Goldenberry has been cultivated in England since the late 18th century and in South Africa since the start of the 19th century, hence the common name, “Cape Gooseberry”, though it is not botanically related to actual gooseberries. The French refer to the fruit as “love in a cage”. Goldenberries are related to tomatoes (and potatoes too!) They are all in the family Solanaceae.

In South Africa, physalis is used to treat abdominal disorders in children, fight fevers, boost immunity, prevent cancer, and treat jaundice. Heated leaves are applied externally as a poultice for treating inflammatory conditions.

Goldenberry can help soothe sore throats, promote sleep, purify the blood, boost metabolism, and promote immune response.

Physalis is not often used In Traditional Chinese Medicine. One exception is the species P. alkekengi (Jin Deng Long/Chinese lantern, which, unlike P. peruviana, has an unpleasant, bitter taste.. Here the entire plant, including the roots, is used to make medicine for sore throats, acute tonsillitis, laryngitis, hepatitis, urinary problems, and treating tumors. Studies confirm its effectiveness for treating 7 different types of Staphylococcus bacteria.

The Chinese also make use of P. angulata (Pao Zai Cao) to help Clear Heat from the Lungs in order to soothe sore throats and stop coughs.

Left inside the calyx, the fruits shelf life at room temperature is about 30 to 40 days. The calyx is not edible. The fruit is eaten raw, cooked, juiced, or dried. The fruit has a sweet, citrus flavor with an acidic aftertaste. Dried commercial berries are chewy and often have sugar added as compared to other berries they have a lower sugar content. They can be very acidic and tart. They contain the same amount of vitamin C as blueberries and are higher in vitamin A.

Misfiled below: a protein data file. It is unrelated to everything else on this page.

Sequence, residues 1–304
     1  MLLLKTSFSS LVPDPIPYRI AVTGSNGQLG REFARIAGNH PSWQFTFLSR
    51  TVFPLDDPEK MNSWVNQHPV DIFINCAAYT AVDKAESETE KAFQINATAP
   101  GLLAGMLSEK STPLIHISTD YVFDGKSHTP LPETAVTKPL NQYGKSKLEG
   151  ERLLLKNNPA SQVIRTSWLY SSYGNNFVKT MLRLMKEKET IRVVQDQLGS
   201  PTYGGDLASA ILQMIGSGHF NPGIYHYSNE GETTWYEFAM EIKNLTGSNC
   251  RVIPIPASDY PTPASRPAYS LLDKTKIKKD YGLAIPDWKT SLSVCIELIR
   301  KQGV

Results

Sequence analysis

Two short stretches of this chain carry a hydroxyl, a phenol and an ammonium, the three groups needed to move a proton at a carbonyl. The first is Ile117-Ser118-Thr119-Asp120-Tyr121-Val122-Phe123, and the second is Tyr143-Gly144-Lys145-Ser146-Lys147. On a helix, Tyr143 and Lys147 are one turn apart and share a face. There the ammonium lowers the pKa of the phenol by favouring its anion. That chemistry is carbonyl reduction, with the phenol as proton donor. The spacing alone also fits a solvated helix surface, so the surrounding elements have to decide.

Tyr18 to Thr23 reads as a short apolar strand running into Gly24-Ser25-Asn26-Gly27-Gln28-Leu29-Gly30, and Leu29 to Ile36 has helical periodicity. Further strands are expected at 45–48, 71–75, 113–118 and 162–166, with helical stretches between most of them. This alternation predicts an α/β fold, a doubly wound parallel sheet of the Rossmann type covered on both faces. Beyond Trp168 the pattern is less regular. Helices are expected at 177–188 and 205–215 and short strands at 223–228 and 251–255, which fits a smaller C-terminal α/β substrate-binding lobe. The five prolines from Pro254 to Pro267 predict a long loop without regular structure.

The anti-inflammatory compounds found in physalis help to improve blood flow to certain parts of the body.

Physalis has become invasive in some natural habitats, forming thickets, especially in Hawaii and on other Pacific islands.

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Did you know?

Low Glycemic Index

Monk fruit is calorie-free, has a low glycemic index, and has zero carbs. The extract from the dried fruit is 150 to 300 times sweeter than table sugar. Monk fruit will not impact your blood sugar levels.

All Natural

As monk fruit is an all-natural sweetener it has none of the side effects of artificial sweeteners.
Fun fact!

Rarely Fresh

Monk fruit is harvested when it is green. It becomes brown on drying and is rarely used in its fresh form as it is hard to store when fresh. The fruit is slowly dried in ovens to preserve its flavors and properties and remove unwanted bitterness and astringent flavors.

How to use Monk Fruit (Lo Han Guo) and take FULL advantage of it's healing powers!

Find out how to safely use this powerful herb and get specific recipes you can make use of immediately. Dive deep into Eastern and Western perspectives about HOW and WHY this herb works. Includes uses, benefits, essential oils, gardening tips, and much, much more.

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ATTENTION: All material provided on this website is for informational or educational purposes only. It is not intended as a substitute for the advice of your healthcare professional or physician. Redistribution permitted with attribution. Be Healthy. Be Happy. Be Whole. Be Free.

ATENCIÓN: Todo el material proporcionado en este sitio web es sólo con fines informativos o educativos. No es sustituto del consejo de su profesional de la salud o médico. Esté sano. Sea feliz. Siéntase completo. Sea libre.